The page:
3 March 2012, Development - even more of the Demon in the Picture of the Creative Process
Introduction: I realized that I need to introduce this blog a little. I wrote the novel Aksinya: Enchantment and the Daemon. The working title was Daemon, and this was my 21st novel. Over the last year, I gave you the entire novel in installments that included commentary on the writing. In the commentary, in addition to other general information on writing, I explained, how the novel was constructed, the metaphors and symbols in it, the writing techniques and tricks I used, and the way I built the scenes. You can look back through this blog and read the entire novel.
I'm using this novel as an example of how I produce, market, and eventually (we hope) get a novel published. I'll keep you informed along the way.
Today's Blog: To see the steps in the publication process, visit my writing website http://www.ldalford.com/ and select "production schedule," you will be sent to http://www.sisteroflight.com/.
We are focusing on building the initial picture that set the scene for the beginning scene in the novel Aksinya. Within that picture is Aksinya and the demon, Asmodeus. Through this picture, I'm trying to show you how the creative process works in my brain, and how the initial creative process came about that ended in a novel of over 100,000 words. If you can understand some of this creative process, you might be able to use my techniques to build a novel or the idea for a novel.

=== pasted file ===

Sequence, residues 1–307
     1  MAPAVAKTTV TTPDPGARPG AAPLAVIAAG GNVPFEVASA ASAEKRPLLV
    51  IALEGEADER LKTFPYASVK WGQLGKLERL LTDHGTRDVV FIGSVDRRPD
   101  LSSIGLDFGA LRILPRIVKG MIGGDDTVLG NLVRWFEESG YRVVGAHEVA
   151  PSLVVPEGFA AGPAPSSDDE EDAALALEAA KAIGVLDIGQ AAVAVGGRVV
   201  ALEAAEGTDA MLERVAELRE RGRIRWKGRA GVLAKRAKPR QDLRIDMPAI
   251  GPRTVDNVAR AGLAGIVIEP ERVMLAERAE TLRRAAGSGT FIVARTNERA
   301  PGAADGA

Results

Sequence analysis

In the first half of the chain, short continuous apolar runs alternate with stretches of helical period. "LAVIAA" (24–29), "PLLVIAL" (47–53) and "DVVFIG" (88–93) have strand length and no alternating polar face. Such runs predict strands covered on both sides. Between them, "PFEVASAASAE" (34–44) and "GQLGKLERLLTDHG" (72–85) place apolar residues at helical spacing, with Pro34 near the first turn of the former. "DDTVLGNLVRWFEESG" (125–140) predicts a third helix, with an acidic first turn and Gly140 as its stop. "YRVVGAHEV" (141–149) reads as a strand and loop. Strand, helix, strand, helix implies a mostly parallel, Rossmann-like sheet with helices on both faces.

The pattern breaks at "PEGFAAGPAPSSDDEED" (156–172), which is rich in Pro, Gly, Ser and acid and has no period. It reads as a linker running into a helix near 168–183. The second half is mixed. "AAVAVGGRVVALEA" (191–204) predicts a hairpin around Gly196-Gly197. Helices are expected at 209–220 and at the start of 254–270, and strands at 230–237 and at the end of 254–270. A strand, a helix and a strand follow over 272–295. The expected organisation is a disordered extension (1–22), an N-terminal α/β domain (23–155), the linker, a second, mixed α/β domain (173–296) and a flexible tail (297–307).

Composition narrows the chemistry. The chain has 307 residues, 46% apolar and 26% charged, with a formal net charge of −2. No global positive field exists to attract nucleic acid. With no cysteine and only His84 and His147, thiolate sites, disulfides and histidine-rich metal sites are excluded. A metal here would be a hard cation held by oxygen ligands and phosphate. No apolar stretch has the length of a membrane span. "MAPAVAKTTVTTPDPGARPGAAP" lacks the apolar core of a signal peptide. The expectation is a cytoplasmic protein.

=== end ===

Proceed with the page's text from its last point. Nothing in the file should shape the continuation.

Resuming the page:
To begin with, I build a picture. In this picture, we clearly see the person, Aksinya, we are seeing clearer and clearer the demon, Asmodeus. I've been focusing on Asmodeus to show how his character came about. If I don't forget, I'll do a whole session on character development within the creative process.
The picture of Aksinya in terms of her character is relatively well developed. On the other hand, the character of a demon is not within human understanding. An author must make a character humanized. That doesn't mean the character must have human characteristics, but rather that the characteristics can be understood by the normal person, your readers. It does no good to build a character who does not have human characteristics--it may be impossible, but in any case, the character of every character must be understandable and logical to your readers. This is true of the character of a demon.
Asmodeus has the character of a demon--we'll look at that tomorrow.
I'll repeat my published novel websites so you can see more examples: http://www.ldalford.com/, and the individual novel websites: http://www.aegyptnovel.com/, http://www.centurionnovel.com/, http://www.thesecondmission.com/, http://www.theendofhonor.com/, http://www.thefoxshonor.com/, and http://www.aseasonofhonor.com/.